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FORMAL COMMENT

Language: UG or Not to Be, That Is the


Question
Johan J. Bolhuis1,2*, Ian Tattersall3, Noam Chomsky4, Robert C. Berwick5
1 Cognitive Neurobiology and Helmholtz Institute, Departments of Psychology and Biology, Utrecht
University, Utrecht, The Netherlands, 2 Department of Zoology and Sidney Sussex College, University of
Cambridge, Cambridge, United Kingdom, 3 Division of Anthropology, American Museum of Natural History,
New York, New York, United States of America, 4 Department of Linguistics and Philosophy, MIT,
Cambridge, Massachusetts, United States of America, 5 Department of Electrical Engineering & Computer
Science and Brain and Cognitive Sciences, MIT, Cambridge, Massachusetts, United States of America
* j.j.bolhuis@uu.nl

OPEN ACCESS
Citation: Bolhuis JJ, Tattersall I, Chomsky N,
Berwick RC (2015) Language: UG or Not to Be, That
Is the Question. PLoS Biol 13(2): e1002063.
doi:10.1371/journal.pbio.1002063
Received: December 8, 2014
Accepted: January 5, 2015
Published: February 13, 2015
Copyright: 2015 Bolhuis et al. This is an open
access article distributed under the terms of the
Creative Commons Attribution License, which permits
unrestricted use, distribution, and reproduction in any
medium, provided the original author and source are
credited.
Funding: JJB is funded by Utrecht University and by
Netherlands Organization for Scientific Research
(NWO) grants (ALW Open Competition and NWO
Gravity and Horizon Programmes) (http://www.nwo.
nl/). The funders had no role in study design, data
collection and analysis, decision to publish, or
preparation of the manuscript.
Competing Interests: The authors have declared
that no competing interests exist.

Liebermans commentary [1] nicely illustrates our original argument [2] that analysis of language evolution is complicated by a lack of agreement about the concepts of both language
and evolution. Here we address each in turn. First, Lieberman argues against the existence of
a language faculty in the sense in which we defined it: a domain- and species-specific computational cognitive system that can generate arbitrarily complex hierarchical syntactic structure.
In contrast, Lieberman defines language functionally, as a means of communication, with
human speech as a key attribute. However, as we originally argued [2], while externalized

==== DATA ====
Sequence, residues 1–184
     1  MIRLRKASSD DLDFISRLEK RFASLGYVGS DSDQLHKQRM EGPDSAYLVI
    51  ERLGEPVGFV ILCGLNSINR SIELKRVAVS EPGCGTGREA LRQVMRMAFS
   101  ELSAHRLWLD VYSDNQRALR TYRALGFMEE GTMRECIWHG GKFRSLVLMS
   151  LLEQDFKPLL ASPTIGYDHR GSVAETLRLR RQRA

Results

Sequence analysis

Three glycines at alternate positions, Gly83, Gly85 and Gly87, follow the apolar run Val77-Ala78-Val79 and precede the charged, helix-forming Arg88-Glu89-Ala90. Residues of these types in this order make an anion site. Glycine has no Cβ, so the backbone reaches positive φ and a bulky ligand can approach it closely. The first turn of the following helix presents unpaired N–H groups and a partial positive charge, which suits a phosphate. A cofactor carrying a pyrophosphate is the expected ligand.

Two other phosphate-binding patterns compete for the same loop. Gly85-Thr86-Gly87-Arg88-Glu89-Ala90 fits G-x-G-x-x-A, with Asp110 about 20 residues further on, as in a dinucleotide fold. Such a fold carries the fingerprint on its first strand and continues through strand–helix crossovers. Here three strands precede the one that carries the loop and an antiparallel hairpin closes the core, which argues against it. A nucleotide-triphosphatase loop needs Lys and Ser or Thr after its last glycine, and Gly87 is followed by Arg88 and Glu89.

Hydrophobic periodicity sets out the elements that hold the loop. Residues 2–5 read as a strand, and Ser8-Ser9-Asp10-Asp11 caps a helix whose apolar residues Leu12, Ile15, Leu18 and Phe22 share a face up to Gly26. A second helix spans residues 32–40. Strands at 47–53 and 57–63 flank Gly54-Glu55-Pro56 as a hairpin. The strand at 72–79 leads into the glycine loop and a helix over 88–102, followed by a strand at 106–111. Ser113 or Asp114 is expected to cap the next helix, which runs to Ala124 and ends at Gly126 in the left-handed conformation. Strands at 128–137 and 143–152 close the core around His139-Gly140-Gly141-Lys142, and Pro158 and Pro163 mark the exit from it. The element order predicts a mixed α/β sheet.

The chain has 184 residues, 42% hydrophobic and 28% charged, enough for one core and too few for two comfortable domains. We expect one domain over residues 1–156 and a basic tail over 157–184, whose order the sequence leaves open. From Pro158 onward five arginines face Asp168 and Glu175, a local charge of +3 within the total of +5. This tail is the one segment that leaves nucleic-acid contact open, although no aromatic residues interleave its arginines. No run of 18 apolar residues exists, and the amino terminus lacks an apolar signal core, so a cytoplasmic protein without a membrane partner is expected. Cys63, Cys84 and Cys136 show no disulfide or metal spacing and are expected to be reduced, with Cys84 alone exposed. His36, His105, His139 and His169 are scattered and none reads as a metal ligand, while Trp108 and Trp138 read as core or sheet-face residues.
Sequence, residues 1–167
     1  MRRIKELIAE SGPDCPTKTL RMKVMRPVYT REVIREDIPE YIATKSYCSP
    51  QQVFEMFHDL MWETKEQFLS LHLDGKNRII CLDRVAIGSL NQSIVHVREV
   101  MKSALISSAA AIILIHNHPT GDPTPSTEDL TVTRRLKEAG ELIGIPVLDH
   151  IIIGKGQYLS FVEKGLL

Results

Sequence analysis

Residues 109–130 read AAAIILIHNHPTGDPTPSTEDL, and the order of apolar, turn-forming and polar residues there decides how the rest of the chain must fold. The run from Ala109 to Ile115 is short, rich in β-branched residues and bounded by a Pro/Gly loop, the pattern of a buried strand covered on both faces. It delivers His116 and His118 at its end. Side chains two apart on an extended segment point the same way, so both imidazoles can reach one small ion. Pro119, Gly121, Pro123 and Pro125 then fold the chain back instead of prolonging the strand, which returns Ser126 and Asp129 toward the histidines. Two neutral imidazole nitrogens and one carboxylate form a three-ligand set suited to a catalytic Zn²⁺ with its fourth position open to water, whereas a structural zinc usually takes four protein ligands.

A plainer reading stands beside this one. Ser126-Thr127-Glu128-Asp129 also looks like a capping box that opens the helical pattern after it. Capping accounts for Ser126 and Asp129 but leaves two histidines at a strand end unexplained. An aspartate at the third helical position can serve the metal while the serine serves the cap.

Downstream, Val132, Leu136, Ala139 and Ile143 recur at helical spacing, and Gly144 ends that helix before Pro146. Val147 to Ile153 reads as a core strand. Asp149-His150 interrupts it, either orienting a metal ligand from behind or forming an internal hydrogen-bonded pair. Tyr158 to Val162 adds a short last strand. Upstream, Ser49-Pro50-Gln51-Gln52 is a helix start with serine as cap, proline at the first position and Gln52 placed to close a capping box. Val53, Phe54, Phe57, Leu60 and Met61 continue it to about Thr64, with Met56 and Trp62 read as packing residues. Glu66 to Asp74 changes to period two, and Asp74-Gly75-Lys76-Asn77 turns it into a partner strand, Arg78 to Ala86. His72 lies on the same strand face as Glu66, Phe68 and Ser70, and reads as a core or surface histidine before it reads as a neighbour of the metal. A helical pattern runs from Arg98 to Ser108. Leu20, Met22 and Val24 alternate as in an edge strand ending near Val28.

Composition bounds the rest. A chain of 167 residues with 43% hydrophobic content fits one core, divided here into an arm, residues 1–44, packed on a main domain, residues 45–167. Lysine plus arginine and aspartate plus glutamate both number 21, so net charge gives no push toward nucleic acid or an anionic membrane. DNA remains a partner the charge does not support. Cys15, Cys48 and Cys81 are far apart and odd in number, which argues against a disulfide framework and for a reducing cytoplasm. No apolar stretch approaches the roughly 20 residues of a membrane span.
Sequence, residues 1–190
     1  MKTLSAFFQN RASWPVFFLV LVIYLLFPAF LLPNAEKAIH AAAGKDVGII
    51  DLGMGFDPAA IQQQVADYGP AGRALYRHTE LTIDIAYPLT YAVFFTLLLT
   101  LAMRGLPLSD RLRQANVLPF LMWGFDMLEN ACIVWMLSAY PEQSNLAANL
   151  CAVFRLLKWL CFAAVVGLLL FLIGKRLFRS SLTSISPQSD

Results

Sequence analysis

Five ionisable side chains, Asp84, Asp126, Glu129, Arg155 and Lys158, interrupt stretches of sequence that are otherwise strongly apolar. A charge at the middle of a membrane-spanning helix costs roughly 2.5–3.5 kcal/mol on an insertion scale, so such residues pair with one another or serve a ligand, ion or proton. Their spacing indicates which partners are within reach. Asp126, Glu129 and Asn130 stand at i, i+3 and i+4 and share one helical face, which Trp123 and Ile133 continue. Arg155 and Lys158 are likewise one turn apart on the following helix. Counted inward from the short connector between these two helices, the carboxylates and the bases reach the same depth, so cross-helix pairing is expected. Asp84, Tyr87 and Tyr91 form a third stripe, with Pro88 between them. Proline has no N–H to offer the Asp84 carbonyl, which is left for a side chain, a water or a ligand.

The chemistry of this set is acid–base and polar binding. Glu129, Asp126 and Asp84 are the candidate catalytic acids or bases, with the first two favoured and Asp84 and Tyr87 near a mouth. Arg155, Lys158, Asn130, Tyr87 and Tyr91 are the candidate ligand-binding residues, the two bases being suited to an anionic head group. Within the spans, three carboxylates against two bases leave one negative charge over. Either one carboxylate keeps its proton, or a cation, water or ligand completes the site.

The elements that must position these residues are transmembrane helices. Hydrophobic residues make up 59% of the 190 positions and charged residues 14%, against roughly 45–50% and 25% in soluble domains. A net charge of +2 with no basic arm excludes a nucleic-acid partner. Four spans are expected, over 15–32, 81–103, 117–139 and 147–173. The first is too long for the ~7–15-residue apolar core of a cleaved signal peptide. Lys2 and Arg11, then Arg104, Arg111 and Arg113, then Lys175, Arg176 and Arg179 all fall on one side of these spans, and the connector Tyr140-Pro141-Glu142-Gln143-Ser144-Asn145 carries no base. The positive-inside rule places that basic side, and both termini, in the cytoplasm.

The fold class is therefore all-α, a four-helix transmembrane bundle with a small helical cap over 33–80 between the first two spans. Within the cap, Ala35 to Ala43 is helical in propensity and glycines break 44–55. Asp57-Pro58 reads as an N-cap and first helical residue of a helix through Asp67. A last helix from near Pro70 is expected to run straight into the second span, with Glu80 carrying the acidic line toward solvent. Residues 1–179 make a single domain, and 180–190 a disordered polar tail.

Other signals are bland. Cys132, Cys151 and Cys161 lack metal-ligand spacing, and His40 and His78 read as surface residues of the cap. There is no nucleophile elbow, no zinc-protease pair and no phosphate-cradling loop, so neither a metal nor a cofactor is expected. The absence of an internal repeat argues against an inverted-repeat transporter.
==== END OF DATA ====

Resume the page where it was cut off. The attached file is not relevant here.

language may be used for communication, the two cannot be equated. Language is a computational operation occurring in the mind of an individual, independent of its possible communicative use, while speech is one possible externalization of language (among others such as sign)
and is not an essential aspect of it. Liebermans arguments are a prime example of fallaciously
confounding the function(s) of a trait with its mechanism [3,4].
According to Lieberman [1], language is essentially spoken communication, with a hierarchical structure shared with other motor abilities such as dancing. In this view, the rules for hierarchically organizing lexical items are acquired through associative motor learning, just as
humans learn how to walk or use cutlery. This contrasts with our view [2,5] that children can
acquire any language because they possess universal grammar (UG) [58]. Lieberman argues
against the basic operation we call merge because, he claims, different languages assemble
words differently. In his view, apparently, hierarchical syntactic structure is achieved differently
in different languages. In contrast, the Strong Minimalist Thesis (SMT) holds that the basic
operation of merge is sufficient to achieve hierarchically structured sentences in any language
[58]. In our essay [2] we argue that crucially, merge can apply to the results of its own output, and we show that this recursive feature leads to the potentially unbounded hierarchical
expressions characteristic of human language, each of which is systematically interpreted at the
conceptual-intentional interface, that is, internal to the mind-brain, not just externalized as
speech. Emphasis on speech and the vocal tract is beside the point; as Lenneberg [9] showed